July 03, 2013

The Outdoor Planters Get a Small Makeover

By the size of the overgrown shurbs, we can assume they were part of the original landscaping after completion of the house in 1959. On the northside of the house (top photos), they actually had the shrubs inside the planter, which, after years and years of them growing larger, put some stress on the stone and make it bow out a bit. My dad gifted us some of his time to us last Fall and spent hours upon hours of digging these out for us, roots and all.

Greg recently moved a bunch of hostas around to make way for grass in the yard, and I asked him to replant some of the hostas in here. Yes, I know they will continue to get larger as well, but at least they are easier to maintain (split, as needed) than shrubs! I love the look of this, and the easy-to-maintain aspect of this as well.

The bottom photos are of the largest patio area, and the southside planer. This had sedum in it when we moved in, and the giant, overgrown shrubs were planted to the direct south of the planter. When we started cleaning up leaves, we found so much debris & trash under them, we knew they had to go.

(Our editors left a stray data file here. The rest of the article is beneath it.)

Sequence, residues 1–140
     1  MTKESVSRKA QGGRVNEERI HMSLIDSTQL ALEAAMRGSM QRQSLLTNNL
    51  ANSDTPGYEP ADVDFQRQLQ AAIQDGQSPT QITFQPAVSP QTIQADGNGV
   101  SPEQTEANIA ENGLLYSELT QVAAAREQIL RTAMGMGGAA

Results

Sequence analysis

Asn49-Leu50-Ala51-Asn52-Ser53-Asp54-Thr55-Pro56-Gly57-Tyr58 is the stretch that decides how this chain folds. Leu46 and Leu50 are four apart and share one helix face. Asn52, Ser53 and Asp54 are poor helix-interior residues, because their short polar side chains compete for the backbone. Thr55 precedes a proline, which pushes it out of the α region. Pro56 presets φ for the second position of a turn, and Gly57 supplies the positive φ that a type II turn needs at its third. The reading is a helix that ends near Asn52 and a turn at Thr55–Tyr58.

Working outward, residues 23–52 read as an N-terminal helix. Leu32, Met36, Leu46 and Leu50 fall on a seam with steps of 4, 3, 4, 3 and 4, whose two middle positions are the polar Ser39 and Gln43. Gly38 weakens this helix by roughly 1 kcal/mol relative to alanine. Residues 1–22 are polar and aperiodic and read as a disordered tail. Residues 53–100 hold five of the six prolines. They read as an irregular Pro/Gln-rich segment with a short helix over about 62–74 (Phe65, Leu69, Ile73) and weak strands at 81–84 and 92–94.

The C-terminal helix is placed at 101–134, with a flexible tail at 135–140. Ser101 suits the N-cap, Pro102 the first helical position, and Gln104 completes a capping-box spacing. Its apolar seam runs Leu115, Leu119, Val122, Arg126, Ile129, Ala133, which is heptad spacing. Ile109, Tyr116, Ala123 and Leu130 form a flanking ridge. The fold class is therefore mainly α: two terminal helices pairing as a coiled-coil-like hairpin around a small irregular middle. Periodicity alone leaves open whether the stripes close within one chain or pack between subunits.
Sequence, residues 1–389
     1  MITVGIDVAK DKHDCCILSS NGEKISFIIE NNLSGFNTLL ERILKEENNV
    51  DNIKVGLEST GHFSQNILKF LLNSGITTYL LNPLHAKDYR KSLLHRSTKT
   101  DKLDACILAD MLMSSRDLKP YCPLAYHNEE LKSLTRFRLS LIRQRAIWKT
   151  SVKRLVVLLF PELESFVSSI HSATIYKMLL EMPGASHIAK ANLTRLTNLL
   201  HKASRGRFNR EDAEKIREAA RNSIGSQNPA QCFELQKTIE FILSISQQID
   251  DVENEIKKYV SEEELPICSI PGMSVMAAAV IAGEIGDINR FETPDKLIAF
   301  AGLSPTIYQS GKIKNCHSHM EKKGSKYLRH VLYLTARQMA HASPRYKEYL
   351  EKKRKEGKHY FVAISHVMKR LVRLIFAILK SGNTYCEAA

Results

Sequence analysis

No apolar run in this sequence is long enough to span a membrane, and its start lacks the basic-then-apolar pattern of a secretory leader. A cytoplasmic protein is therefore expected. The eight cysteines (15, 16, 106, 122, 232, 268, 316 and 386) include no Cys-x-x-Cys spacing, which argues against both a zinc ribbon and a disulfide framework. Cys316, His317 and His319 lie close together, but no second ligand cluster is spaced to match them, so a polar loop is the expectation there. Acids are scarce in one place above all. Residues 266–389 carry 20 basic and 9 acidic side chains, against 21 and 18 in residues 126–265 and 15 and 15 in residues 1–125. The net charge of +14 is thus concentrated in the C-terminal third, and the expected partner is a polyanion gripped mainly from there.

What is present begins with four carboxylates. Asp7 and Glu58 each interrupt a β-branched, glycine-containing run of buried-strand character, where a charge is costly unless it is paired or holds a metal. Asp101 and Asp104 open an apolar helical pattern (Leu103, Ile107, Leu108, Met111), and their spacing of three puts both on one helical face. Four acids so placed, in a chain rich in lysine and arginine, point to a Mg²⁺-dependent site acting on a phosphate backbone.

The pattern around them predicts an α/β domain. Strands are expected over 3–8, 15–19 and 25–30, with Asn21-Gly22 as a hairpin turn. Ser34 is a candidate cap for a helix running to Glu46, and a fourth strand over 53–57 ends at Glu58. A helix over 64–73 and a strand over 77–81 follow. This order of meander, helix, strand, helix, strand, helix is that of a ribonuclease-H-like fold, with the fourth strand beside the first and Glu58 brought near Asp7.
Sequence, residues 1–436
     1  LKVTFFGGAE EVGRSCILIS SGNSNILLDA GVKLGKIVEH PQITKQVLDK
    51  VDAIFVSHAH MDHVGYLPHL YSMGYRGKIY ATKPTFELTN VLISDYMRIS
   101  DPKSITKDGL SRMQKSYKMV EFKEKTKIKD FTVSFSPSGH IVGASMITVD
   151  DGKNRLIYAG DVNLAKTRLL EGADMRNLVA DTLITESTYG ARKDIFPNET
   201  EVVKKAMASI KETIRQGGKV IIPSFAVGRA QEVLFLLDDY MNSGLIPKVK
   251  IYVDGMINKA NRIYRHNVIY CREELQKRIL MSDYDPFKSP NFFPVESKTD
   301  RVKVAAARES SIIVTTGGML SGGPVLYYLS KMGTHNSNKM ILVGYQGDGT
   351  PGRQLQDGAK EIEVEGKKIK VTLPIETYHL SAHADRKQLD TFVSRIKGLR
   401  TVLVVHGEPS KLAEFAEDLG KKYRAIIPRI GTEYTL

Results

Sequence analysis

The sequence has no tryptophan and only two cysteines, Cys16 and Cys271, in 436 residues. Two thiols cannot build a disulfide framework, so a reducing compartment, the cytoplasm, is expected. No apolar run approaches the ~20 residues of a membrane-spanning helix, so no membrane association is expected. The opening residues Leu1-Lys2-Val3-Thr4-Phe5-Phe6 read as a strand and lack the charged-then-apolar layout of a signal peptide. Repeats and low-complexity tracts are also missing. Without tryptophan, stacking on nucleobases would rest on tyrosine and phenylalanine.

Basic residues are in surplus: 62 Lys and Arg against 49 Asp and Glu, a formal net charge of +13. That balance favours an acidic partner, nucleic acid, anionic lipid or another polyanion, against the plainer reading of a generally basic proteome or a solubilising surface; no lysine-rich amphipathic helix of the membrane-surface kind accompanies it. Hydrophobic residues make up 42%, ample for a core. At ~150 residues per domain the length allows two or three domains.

Lo and behold, our yard had enough hostas to plant in this planter too - it's the width of the entire house, so pretty big, and I LOVE the look of this. Again, easy-to-maintain, and very natural for this part of the U.S.A.

Grass is coming this fall - we missed our opportunity to plant before summer, and since we don't have underground sprinkling, feared it wouldn't grow well anyway. Now we're the neighbors with a bunch of dirt for a lawn; hey, at least we don't have to mow it! HA!

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True Home Restorations
PO Box 552
Grand Haven, MI 49417
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Grand Haven, Michigan, United States
Midcentury enthusiast • Home restorer • Wife to Greg • Mom to Eames & Adler • I brake for breeze blocks™